We woke up late – 9 or even 10 am. We did some food shopping and drove back to Reynisfjara beach. I think we were both feeling a bit weak after the night and because of the dull weather. Nevertheless, we spent a good hour or so there. Our moods shifted once we got to the Fjaðrárgljúfur canyon – a hidden gem (the picture right at the top). It was definitely less touristy and the views were incredible.
That day there was a lot of driving through changing scenery. For some time we drove through a land of nothingness, just rocks all around. It got colder outside and the rain clouds were just resting on the mountains instead of floating above them.
We reached Skaftafell National Park; it was gloomy, but the lack of wind made it pleasant and calm. We decided to hike to Svartifoss (yet another waterfall) at about 7 pm. It was quite a tropical hike with plenty of streams on the way. We had made the best decision then by driving further to a gorgeous campsite. The kitchen was big, the showers free with hot water. The busier the campsite the more welcoming it feels. Just more alive. We set up our tent far away from everyone else, ate pasta with pesto and finally had an early evening for ourselves. Still light outside; it was such a strange feeling the first day and it still is now after a couple days of being here.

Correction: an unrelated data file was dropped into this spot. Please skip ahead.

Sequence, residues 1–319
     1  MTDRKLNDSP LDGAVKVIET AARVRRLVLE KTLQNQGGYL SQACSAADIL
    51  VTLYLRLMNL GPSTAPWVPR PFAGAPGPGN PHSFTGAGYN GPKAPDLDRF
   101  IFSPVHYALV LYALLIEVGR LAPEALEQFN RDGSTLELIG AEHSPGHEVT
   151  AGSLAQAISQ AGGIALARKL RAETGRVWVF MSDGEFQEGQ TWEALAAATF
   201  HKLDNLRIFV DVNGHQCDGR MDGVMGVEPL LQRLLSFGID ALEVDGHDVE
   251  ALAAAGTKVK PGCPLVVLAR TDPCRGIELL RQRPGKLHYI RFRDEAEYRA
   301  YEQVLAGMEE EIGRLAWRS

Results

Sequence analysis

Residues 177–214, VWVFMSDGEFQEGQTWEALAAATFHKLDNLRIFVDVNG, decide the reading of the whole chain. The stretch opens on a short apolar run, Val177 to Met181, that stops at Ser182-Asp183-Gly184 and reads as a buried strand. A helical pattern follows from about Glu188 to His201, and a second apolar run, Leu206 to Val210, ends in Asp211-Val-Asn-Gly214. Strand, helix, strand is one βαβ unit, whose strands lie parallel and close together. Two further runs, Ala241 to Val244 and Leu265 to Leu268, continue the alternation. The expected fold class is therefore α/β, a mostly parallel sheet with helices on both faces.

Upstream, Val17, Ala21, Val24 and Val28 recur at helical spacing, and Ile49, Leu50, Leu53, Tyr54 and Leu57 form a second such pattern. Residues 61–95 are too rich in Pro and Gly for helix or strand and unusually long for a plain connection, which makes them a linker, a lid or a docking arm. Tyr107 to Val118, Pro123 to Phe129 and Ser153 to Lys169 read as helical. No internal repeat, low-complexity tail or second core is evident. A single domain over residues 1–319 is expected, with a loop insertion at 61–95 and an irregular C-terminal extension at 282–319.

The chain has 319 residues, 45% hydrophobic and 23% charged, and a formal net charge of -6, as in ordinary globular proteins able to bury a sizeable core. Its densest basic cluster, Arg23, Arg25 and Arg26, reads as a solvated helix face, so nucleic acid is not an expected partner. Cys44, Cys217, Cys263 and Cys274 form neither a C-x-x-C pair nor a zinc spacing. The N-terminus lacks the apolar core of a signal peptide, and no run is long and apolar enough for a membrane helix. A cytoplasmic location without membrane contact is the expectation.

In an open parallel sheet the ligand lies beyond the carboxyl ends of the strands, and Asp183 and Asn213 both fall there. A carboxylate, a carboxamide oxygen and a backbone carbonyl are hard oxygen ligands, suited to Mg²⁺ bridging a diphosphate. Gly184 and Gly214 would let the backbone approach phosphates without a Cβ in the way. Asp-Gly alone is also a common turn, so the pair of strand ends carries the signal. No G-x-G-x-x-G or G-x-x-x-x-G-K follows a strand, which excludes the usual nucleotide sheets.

Our first stops of the day were Fjallsarlon and Jokulsarlon – glacier lagoons. Fjallsarlon – not the most spectacular but Jokulsarlon was really beautiful. Especially when the sun came out and the icebergs were an intense blue colour.
After that, we drove to the far east…
That’s all for now, you’ll find the next part of the Iceland Diaries series in the next post where I write more about our trip around this beautiful island. Check out some more photos in the gallery below!
What are your thoughts on holidays like these? Would you visit Iceland in the summer even though it’s not the warmest place? Or do you prefer more tropical destinations? Maybe you’ve already been to Iceland? I’d love to know!
If you’re still thinking of going or planning your trip and have any questions, ask away in the comments. I’ll do my best to help you. Just to finish off, here are some tips you’ll find useful when exploring the south of Iceland.
- It’s really difficult to wild camp in the south (or anywhere in Iceland for that matter). Before arriving we had planned to sleep outside of campsites, but it turned out impossible for us; there are some wild camping regulations e.g you can’t camp close to farms, you must seek permission from the landowner and you cannot park your car off the road. In other words, we couldn’t be bothered to worry about all these rules and chose campsites every time
- For your first night in Iceland, there’s no better place to stay than in this free campsite we’d found by accident, not far from Reykjavik
- The average cost of sleeping in a campsite is 1500 ISK per person – that’s around 11 euros
- You may find that hot showers are included in the price, but most of the time you have to pay for them additionally (500 – 700 ISK)
- Hot water is a luxury, so be prepared for washing everything in ice-cold water.